Michael T. Busch, M.D.
- My Specialties
Michael T. Busch, MD graduated from the Honors Program in Medical Education at Northwestern University in Chicago, Illinois. He continued his education at Northwestern University completing his orthopaedic surgery residency in 1985. Following residency, Dr. Busch completed a fellowship in pediatric orthopaedic surgery at the Scottish Rite Children's Hospital in Atlanta under the direction of Raymond Morrissy, MD. Next, he did a six-month traveling fellowship in sports medicine. Dr. Busch then joined Children's Orthopaedics of Atlanta (COA), PC in 1987, and is now its President and CEO.
Dr. Busch is one of the first pediatric orthopaedic surgeons in the country with an expertise in sports medicine. He now has a subspecialty certification in sports medicine from the American Board of Orthopaedic Surgery. Dr. Busch founded the sports medicine program at Childrens' Healthcare of Atlanta (CHOA), and is now its surgical director. He served as one of the Olympic Village Sports Medicine Physicians during the 1996 Summer Olympic games in Atlanta.
Dr. Busch has authored many publications on young athletes. He has authored several book chapters including "Athletic Injuries in Young Children," in Lovell and Winter's Textbook of Pediatric Orthopaedic Surgery. He has written a number of scientific articles on injuries and problems of young athletes and presents regularly at meetings of the American Academy of Orthopaedic Surgery and the Pediatric Orthopaedic Society of North America. His article "Arthroscopic synovectomy for hemophilic joint disease in a pediatric population" is in the world's top one percent of papers. It has been cited more than 30 times.
Dr. Busch was the first annual Marino Visiting Professor of Sports Medicine at Harvard's Children's Hospital of Boston and the fifth Walgreen's Visiting Professor of Sports Medicine at Loyola University in Chicago. He has been a guest speaker at Children's Hospital of Philadelphia, Calgary Children's, Hartford Children's, and Children's Hospital of Los Angeles. He has been a keynote speaker at the Hawaiian Orthopaedic Association, the Wisconsin Orthopaedic Society, and the Argentine Orthopaedic Society (SAOTI). Along with visiting professor Ted Ganley, MD Director of Sports Medicine at Children's Hospital of Philadelphia, Dr. Busch recently hosted a tutorial for members of the Pediatric Orthopaedic Society of North America. In April of 2011, he was a featured lecturer and instructor at the Dana Children's Hospital's first international pediatric sports medicine course in Haifa, Israel.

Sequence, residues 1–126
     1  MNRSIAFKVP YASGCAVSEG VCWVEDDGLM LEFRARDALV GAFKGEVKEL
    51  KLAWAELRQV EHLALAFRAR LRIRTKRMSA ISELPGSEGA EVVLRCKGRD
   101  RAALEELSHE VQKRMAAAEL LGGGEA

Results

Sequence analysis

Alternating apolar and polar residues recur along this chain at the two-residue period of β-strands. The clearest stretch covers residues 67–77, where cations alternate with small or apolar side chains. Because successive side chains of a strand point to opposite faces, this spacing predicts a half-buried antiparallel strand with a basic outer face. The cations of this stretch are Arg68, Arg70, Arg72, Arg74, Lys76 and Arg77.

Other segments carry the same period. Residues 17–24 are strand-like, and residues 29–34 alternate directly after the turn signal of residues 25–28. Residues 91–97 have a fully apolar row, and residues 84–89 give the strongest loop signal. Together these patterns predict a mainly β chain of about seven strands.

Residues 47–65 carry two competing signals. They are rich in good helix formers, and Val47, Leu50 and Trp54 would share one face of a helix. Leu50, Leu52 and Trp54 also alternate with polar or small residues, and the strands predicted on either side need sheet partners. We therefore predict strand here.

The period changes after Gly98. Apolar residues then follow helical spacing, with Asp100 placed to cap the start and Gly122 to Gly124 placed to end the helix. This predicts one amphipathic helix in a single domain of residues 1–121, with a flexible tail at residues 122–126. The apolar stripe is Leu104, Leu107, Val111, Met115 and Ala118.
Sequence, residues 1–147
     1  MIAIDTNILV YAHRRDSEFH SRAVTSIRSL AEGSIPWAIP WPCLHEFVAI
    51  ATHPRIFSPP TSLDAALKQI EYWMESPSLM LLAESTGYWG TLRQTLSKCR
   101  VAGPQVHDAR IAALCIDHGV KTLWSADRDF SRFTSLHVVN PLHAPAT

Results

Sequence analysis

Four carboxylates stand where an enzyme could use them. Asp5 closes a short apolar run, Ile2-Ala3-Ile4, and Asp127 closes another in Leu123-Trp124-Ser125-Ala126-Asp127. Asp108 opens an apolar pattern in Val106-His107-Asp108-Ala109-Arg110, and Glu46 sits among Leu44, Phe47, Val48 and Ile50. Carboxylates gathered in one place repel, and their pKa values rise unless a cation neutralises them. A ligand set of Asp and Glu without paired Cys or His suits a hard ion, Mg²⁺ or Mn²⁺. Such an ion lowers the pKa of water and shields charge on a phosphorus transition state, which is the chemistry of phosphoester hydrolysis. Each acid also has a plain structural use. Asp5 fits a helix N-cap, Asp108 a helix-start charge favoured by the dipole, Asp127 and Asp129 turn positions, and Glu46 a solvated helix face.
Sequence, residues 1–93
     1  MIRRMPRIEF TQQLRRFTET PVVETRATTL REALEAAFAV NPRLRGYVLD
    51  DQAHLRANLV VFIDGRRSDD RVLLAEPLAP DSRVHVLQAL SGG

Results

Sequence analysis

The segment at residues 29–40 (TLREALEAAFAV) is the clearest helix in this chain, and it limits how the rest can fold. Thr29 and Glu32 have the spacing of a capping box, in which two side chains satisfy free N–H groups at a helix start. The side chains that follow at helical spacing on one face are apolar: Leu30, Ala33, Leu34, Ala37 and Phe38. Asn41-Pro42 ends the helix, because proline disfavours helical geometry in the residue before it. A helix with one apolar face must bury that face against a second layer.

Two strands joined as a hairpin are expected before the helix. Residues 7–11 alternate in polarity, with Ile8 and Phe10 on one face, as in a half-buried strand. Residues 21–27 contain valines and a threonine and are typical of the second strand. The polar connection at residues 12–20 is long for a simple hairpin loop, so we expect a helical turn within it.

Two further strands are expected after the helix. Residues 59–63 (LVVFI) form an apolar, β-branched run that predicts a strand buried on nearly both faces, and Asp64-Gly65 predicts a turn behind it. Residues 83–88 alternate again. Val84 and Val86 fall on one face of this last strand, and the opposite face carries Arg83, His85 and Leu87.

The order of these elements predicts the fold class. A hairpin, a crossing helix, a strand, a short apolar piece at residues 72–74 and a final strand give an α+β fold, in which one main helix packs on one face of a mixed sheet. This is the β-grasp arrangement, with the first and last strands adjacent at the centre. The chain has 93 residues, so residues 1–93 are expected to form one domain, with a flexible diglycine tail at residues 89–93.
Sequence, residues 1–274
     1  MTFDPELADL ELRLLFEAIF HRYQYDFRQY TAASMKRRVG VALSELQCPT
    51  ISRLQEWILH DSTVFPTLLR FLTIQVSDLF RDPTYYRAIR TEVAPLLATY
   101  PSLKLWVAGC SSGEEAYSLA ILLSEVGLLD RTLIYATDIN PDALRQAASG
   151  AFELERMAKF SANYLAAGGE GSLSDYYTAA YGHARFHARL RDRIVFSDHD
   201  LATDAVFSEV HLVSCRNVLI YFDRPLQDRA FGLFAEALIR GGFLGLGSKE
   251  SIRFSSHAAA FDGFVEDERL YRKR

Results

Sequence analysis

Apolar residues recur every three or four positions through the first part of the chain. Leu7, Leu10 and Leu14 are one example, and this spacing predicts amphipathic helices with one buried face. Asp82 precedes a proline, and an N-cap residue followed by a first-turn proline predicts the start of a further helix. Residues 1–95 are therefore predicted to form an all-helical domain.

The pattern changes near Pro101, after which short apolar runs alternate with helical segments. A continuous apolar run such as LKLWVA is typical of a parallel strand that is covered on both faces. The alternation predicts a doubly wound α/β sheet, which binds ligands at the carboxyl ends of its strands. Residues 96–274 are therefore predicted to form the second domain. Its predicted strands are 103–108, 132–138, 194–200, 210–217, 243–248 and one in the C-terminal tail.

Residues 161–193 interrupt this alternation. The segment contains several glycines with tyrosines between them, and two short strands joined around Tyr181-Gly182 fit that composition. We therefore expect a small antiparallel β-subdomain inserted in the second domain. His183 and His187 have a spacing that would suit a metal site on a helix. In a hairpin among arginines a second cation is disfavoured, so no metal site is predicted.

Aside from his work with competitive athletes, Dr. Busch has applied his arthroscopic skills to the joint problems of hemophiliacs. He works with Amy Dunn, MD from the Hematology and Oncology Department at CHOA. Their work has led to recognition of CHOA as a national referral center for arthroscopic and radionuclide synovectomies. These procedures reduce the destructive effects of repetitive joint bleeding in hemophiliacs. Dr. Busch has served on the National Hemophilia Foundation's Musculoskeletal Committee and on the Board of Directors of Hemophilia of Georgia. He has presented results of his application of arthroscopic techniques in the hemophiliacs to the Arthroscopy Association of North America, The Pediatric Orthopaedic Society of North America, The American Academy of Orthopaedic Surgeons and the National Hemophilia Foundation. Drs. Dunn and Busch recently authored a chapter on hematologic disorders of the musculoskeletal system for Lovell and Winter's Textbook of Pediatric Orthopaedic Surgery.